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The ability to practice diplomacy is an integral aspect of any state. It has been practiced since the formation of the first city-states. Also called a foreign mission, a diplomatic mission refers to a group of people from one state or organization existing in another state. The group represents the sending state officially in the receiving state. It is usually embodied by the embassy: the main office of a country’s diplomatic representatives located in the capital city of another country.
Consulates are smaller diplomatic missions often located outside the capital of the receiving state, but can still be in the capital, usually when the sending country has no embassy in the receiving state. Diplomatic missions can likewise be non-resident permanent missions to more than one country.
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Diplomats were originally sent only for specific negotiations and come back home when the mission is finished. These people were often either relatives of a state’s ruling family or high-ranking officers, giving them legitimacy during negotiations.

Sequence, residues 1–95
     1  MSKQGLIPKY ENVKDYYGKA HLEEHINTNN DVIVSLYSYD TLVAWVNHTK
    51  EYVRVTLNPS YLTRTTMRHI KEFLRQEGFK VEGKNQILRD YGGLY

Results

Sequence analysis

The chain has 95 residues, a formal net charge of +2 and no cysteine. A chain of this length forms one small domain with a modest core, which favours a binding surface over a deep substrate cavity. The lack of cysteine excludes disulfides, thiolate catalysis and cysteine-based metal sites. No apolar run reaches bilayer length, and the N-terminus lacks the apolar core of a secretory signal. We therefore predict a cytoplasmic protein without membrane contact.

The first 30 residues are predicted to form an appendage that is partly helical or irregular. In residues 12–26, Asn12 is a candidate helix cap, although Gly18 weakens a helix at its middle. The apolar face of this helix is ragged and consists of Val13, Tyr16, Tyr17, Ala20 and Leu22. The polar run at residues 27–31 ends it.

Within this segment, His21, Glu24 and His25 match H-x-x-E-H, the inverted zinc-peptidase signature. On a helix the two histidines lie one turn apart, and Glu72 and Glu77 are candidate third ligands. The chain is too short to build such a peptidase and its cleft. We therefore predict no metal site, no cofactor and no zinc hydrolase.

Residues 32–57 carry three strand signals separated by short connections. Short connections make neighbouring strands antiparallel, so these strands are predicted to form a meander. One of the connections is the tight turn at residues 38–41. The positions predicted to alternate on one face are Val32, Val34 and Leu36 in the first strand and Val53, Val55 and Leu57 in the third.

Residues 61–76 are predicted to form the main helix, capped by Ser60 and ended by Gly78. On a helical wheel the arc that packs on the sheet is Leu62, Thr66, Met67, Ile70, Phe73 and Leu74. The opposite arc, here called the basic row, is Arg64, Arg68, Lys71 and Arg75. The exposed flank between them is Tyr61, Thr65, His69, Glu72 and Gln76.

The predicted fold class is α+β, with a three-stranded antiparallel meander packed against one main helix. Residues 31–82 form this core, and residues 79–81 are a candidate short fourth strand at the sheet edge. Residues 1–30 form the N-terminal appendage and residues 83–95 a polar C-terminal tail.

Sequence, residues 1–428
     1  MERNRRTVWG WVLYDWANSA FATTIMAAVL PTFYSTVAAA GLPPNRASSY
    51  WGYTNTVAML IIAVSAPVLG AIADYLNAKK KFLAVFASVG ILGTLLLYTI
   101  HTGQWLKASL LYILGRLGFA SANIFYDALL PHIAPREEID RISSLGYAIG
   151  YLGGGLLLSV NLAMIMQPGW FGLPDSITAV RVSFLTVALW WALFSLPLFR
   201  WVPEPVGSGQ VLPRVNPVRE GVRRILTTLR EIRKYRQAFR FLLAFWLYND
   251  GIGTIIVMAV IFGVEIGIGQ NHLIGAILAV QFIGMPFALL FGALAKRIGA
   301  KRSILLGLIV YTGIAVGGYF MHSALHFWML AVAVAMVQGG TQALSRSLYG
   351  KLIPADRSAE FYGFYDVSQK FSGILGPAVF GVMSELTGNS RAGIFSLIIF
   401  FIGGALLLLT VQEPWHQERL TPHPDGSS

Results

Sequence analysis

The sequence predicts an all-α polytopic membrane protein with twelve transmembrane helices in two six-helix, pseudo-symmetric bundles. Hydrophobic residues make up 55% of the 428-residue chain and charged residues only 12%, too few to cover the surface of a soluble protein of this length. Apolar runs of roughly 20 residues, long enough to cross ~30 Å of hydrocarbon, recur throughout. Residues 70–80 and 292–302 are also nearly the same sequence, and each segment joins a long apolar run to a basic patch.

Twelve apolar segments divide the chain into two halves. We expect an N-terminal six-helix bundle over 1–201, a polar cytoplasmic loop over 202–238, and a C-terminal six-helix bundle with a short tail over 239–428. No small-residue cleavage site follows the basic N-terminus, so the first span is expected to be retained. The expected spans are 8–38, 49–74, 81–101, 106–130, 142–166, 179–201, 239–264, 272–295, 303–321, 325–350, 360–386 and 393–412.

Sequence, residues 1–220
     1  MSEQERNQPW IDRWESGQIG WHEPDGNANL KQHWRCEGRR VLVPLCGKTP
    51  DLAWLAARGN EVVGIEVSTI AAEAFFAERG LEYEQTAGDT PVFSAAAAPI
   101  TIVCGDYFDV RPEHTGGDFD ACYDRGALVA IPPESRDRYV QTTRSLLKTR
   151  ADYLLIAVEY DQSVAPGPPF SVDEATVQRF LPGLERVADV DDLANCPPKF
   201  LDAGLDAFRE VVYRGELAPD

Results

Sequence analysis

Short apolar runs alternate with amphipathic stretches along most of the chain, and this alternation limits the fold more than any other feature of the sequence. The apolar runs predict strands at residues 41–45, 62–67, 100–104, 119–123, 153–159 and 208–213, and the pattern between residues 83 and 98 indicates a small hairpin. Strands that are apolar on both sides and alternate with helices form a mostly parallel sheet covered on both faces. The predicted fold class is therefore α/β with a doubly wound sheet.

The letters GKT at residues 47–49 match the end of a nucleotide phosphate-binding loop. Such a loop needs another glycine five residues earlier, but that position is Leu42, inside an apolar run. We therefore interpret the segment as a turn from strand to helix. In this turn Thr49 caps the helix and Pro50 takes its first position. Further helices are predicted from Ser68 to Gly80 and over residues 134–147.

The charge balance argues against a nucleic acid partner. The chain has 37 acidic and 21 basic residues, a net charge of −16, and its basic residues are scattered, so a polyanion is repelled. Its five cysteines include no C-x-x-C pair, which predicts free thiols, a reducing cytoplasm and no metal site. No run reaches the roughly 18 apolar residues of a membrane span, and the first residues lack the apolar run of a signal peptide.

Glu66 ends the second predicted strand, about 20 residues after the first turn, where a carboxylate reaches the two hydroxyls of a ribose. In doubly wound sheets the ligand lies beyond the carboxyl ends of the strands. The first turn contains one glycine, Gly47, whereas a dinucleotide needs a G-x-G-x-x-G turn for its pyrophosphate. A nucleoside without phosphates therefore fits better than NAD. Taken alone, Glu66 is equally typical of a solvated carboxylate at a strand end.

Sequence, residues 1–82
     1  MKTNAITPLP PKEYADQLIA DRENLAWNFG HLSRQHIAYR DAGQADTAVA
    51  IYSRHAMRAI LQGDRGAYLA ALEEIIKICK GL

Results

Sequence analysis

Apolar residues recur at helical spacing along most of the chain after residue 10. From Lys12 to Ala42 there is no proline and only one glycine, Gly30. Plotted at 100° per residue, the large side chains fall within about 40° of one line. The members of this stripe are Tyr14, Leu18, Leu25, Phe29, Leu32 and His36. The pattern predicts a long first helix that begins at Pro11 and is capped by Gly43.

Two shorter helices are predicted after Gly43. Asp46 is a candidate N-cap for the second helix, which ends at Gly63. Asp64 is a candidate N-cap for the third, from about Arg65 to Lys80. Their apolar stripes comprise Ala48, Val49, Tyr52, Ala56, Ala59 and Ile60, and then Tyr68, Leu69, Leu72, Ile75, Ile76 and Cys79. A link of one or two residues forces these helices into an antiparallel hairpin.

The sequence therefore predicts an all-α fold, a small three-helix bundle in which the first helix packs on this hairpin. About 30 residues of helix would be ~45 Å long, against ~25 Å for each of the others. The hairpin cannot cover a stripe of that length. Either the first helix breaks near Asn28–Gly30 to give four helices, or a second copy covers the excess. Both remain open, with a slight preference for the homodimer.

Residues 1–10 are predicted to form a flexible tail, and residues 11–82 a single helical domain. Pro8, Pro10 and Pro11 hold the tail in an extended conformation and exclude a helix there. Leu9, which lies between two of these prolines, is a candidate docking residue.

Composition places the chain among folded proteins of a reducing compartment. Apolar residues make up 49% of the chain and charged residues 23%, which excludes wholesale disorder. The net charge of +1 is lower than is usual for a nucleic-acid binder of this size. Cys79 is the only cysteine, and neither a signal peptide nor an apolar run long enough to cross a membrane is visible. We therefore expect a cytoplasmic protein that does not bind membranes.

The beginning of modern diplomacy can be traced to the states of Northern Italy during the early Renaissance period, with the first embassies having been established in the 13th century. Soon all the major European powers were exchanging representatives. Spain was the first to send a permanent representative when it appointed an ambassador to the Court of England in 1487. By the late 16th century, permanent missions were common in Europe.
The Congress of Vienna of 1815 established an international system of diplomatic rank, after the fall of Napoleon. Disputes on precedence among nations and the appropriate diplomatic ranks used continued for over a century until after World War II, when the rank of ambassador became the norm.